So as summer is nearly here this feature will focus on what to do around sleep and traveling with children!
There are many issues that arise when it comes to going on holiday around sleep, can they go to bed a bit later, what should we do about jet lag and changes in time zones and generally how well can we expect them to react to a change in environment.
For the purpose of this I have to assume that you are happy with your current sleep situation, if you aren’t then it’s not wise to try and change anything when going on holiday but obviously there are many things you can do to try and improve your child’s sleep.
The first big test is getting there and in this post I’m going to talk more about that. In terms of travelling with kids my advice remains the same whether you are heading 30 mins down the road, an 8 hour car journey to Scotland or jumping on a plan to more guaranteed sunshine, just go with it! Let’s be realistic it’s unlikely to be a peaceful trip where you can sit back and read your book, you are more likely to encounter some bumps such as hunger, sleep, nappies and toilet trips so I reckon if you accept that this will happen and prepare yourself for it you’ll have an easier time!
So arm yourself accordingly, in many ways you can throw the rules out of the window, especially for longer journeys. Think snacks every 30 mins, toys (even wrap up old toys in
paper for more excitement), colouring, movies, ipads, books whatever it takes to keep them
Apply the same attitude when it comes to naps. In the car it should be fairly easy to get a child to sleep, but on a plane just do what you can to get them to nap. Do the plane giggle up the aisle, rocking in the galley, ssshing etc etc. The most important part is that they get their rest so that when you get to your destination they aren’t running a major sleep debt in comparison to their usual routine.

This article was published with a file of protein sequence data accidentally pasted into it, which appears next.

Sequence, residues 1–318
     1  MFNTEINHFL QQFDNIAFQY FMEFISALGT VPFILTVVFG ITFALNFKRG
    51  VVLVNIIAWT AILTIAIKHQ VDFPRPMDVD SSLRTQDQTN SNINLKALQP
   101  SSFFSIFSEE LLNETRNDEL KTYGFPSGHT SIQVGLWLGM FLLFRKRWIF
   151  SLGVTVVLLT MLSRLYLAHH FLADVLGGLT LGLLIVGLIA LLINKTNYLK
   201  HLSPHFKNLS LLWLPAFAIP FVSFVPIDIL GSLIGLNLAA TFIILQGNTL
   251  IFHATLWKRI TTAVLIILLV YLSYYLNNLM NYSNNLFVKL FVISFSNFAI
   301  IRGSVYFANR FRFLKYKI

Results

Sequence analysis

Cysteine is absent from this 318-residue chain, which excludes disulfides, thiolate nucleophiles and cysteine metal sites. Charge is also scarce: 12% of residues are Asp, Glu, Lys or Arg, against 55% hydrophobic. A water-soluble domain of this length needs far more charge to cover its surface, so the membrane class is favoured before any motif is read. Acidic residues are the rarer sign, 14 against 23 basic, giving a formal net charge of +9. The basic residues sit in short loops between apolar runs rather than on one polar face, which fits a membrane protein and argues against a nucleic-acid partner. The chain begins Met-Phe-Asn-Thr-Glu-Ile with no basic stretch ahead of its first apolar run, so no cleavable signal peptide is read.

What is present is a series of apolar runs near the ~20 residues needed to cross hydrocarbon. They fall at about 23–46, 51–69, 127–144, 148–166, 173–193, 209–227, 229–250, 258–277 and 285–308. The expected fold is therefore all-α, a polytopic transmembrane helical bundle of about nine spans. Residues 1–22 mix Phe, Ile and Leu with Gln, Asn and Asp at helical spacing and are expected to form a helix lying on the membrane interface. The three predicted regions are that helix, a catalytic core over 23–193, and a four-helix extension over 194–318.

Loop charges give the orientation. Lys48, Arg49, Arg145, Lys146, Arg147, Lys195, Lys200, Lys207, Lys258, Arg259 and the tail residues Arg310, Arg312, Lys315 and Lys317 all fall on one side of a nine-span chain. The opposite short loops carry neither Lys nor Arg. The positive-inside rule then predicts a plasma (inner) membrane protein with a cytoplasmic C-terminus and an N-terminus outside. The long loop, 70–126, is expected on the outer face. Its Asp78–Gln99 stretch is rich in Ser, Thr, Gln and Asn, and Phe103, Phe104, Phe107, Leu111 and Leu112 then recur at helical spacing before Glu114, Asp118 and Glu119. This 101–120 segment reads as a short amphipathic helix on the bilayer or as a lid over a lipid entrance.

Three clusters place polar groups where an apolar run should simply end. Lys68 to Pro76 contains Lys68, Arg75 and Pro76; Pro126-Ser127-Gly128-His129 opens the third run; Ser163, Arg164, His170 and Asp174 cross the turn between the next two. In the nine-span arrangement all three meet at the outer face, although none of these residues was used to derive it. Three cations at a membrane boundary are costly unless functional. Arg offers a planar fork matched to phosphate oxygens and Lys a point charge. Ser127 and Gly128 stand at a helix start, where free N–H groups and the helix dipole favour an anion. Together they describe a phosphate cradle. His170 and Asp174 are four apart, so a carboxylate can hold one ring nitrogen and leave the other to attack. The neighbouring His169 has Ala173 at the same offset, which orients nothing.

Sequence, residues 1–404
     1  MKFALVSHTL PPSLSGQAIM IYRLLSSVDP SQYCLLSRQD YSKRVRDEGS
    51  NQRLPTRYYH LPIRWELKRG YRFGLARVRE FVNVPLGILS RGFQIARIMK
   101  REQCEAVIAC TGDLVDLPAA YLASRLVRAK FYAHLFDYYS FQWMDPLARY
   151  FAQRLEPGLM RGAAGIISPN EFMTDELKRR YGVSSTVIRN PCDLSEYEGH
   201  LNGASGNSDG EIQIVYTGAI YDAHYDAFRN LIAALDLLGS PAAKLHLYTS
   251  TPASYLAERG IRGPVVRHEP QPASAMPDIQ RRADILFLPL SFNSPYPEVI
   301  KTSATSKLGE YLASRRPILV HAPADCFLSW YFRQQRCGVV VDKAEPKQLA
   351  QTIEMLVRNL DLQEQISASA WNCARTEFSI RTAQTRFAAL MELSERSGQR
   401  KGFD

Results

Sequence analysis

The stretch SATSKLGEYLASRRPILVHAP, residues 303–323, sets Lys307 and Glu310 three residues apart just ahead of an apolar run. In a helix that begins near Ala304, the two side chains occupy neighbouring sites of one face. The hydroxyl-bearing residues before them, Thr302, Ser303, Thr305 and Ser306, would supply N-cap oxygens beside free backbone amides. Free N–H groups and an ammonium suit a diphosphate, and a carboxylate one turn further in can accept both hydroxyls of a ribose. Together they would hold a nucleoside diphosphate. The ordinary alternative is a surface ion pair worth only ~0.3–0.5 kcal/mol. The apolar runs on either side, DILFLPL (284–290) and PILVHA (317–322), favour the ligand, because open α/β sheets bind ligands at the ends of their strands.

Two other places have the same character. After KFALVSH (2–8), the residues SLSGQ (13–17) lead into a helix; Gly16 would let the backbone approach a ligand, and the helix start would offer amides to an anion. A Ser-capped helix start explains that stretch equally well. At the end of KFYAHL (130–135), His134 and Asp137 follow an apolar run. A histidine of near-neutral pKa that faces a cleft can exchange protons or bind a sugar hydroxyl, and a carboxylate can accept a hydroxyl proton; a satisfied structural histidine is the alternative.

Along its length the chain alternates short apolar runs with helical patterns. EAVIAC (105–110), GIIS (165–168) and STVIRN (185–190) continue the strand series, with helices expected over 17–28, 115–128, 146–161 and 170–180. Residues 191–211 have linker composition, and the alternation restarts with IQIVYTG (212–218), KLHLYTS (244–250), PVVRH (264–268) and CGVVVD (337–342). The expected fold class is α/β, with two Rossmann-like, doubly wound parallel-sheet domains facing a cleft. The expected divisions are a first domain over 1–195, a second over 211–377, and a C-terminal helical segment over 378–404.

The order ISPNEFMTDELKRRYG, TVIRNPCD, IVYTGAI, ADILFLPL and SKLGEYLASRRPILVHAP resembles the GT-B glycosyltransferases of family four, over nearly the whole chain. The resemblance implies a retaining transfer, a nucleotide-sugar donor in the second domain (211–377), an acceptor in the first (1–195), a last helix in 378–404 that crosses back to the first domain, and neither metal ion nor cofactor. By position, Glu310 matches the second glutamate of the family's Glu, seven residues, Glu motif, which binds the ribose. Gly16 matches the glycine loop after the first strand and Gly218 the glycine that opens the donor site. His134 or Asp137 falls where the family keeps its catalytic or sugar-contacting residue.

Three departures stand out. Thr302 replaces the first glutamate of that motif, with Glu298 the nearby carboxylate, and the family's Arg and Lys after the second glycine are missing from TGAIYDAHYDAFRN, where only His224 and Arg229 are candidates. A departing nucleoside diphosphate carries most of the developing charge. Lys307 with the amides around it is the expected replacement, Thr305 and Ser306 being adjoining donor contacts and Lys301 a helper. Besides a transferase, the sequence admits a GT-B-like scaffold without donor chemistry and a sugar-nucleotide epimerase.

If you are lucky enough to be flying somewhere in a different timezone then don’t accommodate for it before hand, get on the plane do what you need on the flight (see above) and then when you land, hit the ground running! Once settled get yourself and your children out in the sunshine and the fresh air as this will help the body clock to understand it’s daytime so that when it gets dark the body will be more set for sleep. When night time gets closer my advice is to try and dim the brightness for about 2 hours before bedtime, this will help the melatonin levels in their body to rise which is a key factor in getting to sleep. So draw the curtains and try and resist any electronics! Fingers crossed It should take no more than two days to kick the jet lag.
The most important thing is to get there in one piece, hopefully having kept to a semblance of a normal routine and then kick back and enjoy!
Next time I’ll be posting about some key things to do once on holiday to try and maintain a healthy sleep pattern for all.
Of course if you need any further advice please get in touch for a free 15 min consultation on 07748677908 or firstname.lastname@example.org.